Suppose we're utilitarians. So we accept the following principle:
(U) an act is right just in case it would maximize happiness.
A non-naturalist utilitarian may make the substantive claim that whenever an act has the natural property of maximizing happiness, it thereby has the further (irreducibly normative) property of being right. If a naturalist collapses these, then their assertion of (U) seems less substantive. They are simply asserting the fact that whenever an act has the natural property of maximizing happiness, it has this very property. But that's trivial.
A complication: examples like (E) 'molecular kinetic energy is the same as heat' show us that metaphysically 'trivial' identity statements can nonetheless be informative or cognitively significant. This may be so if, although both sides of the identity statement refer to one and the same property, they refer to it in different ways (or by way of different reference-fixing descriptions). For then, in addition to the explicitly stated trivial fact, we may learn an implicitly stated substantive fact. Parfit explains:
This claim [E] gives us important information because the concept of heat is the concept of the property that is related in certain ways to certain other, different properties. (E) can be restated here as:
(F) having molecular kinetic energy is the property that can make an object have the different properties of being able to melt solids, turn liquids into gases, cause certain sensations, etc.
Here is the challenge for the metaethical naturalist: they must explain what substantive natural fact is implicitly conveyed by the likes of (U), to make such moral claims informative.
Parfit doesn't think this challenge can be met. But why not? I would have thought the obvious response for a naturalist is to adopt a kind of moral functionalism (a la Frank Jackson). The reference of 'ought' is fixed by its conceptual role R in our cognitive economy. Then, when the naturalist utilitarian claims that we ought to maximize happiness, they are implicitly conveying the substantive fact that the property of maximizing happiness has the (further) property of being such as to fulfill role R.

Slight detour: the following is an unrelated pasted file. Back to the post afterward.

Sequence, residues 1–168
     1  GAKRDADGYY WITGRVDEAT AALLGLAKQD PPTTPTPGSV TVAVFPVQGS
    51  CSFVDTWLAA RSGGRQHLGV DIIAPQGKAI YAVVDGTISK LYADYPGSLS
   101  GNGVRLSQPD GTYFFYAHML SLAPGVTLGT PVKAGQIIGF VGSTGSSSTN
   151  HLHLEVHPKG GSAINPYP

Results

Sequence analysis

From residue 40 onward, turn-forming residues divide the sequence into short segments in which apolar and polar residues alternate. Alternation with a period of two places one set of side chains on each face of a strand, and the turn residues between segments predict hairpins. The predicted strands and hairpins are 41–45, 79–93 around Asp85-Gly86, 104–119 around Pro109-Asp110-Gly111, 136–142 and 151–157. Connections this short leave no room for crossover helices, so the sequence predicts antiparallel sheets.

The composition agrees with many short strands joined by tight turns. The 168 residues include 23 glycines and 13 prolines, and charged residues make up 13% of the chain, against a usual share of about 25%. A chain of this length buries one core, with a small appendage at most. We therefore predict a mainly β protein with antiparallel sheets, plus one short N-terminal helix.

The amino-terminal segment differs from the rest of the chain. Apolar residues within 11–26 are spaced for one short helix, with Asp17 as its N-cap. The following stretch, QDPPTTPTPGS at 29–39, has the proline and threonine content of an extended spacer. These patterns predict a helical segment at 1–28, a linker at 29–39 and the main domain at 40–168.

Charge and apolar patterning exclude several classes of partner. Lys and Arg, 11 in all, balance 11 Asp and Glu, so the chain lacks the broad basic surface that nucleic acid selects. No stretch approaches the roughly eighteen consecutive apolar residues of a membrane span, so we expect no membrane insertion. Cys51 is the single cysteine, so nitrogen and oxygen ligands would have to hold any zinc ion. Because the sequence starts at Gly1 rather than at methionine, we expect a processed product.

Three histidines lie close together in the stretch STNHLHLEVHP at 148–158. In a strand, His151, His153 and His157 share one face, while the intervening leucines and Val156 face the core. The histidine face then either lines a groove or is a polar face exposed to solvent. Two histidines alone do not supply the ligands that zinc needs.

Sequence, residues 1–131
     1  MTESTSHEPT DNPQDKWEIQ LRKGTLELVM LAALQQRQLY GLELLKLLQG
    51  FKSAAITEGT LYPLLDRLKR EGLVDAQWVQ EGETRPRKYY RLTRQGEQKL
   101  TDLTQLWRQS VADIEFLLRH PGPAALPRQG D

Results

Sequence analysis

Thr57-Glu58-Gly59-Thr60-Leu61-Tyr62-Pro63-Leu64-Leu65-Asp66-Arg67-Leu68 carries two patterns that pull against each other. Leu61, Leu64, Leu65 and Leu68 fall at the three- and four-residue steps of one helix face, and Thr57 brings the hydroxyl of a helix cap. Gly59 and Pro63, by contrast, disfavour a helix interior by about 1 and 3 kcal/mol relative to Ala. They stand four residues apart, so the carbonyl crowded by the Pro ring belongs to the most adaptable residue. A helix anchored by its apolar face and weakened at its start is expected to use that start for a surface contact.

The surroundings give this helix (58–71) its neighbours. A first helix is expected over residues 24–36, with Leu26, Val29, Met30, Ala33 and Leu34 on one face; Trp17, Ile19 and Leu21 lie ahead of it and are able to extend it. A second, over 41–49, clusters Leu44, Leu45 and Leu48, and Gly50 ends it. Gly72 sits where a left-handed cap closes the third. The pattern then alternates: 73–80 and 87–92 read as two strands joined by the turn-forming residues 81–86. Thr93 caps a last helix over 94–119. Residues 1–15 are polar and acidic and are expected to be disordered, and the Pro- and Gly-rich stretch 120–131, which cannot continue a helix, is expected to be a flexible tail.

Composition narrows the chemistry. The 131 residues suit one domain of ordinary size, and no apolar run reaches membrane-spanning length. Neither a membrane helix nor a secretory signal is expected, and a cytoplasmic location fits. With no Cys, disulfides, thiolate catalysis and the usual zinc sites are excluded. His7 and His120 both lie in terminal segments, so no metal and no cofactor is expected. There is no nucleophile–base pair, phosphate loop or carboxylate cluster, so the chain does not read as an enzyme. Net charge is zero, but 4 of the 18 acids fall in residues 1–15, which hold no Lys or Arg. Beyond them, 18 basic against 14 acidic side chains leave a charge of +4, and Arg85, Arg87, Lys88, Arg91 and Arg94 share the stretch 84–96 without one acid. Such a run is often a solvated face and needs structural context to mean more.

The problem is made vivid in Parfit's example of the naturalist utilitarian who horrifies the hospital Ethics Committee by endorsing the surreptitious murder of a patient for purpose of stealing their organs and saving more lives on net. Parfit imagines the naturalist responding as follows:
When I claimed that I ought to kill this patient, I was claiming only that this act would maximize happiness. I was not claiming that this act would have the different property of being what I ought to do. On my view, there is no such different property. Being an act that would maximize happiness is the same as being what we ought to do. Since I was claiming only that killing this patient would maximize happiness, no one has any reason to reject my claim.
But this does not seem to capture how naturalists tend to understand their own view. (The imagined 'distancing' of oneself from the ordinary understanding of moral commitments seems especially inapposite.) When naturalists make first-order claims about which natural features are right-making features, they are not only claiming that these features are self-identical (though that may be the explicit content or truthmaker for their claim, just as when scientists claim that heat is molecular energy). Rather, they are conveying the additional, important information that this feature is what the rest of us are ultimately referring to with our ordinary moral talk. That is: maximizing happiness (or whatever) is the natural property that is ultimately picked out by the reference-fixing descriptions R associated with the normative terms 'right', 'ought', etc.
There are other objections that could be made at this point, e.g. concerning whether the naturalist can really capture the full normative force of these claims. But I think the triviality objection fails.
Update: It turns out I was a bit quick in dismissing this argument. Parfit appeals to the premise that a claim like (U) is not merely informative, but more specifically that it is a positive substantive normative claim, which attributes a distinct normative property to acts that have the property of maximizing happiness (or whatever). It's much less clear whether the naturalist can meet this demand, since the "further information" they take us to be implicitly attributing seems to be more sociological or linguistic in nature, rather than attributing any further normative property.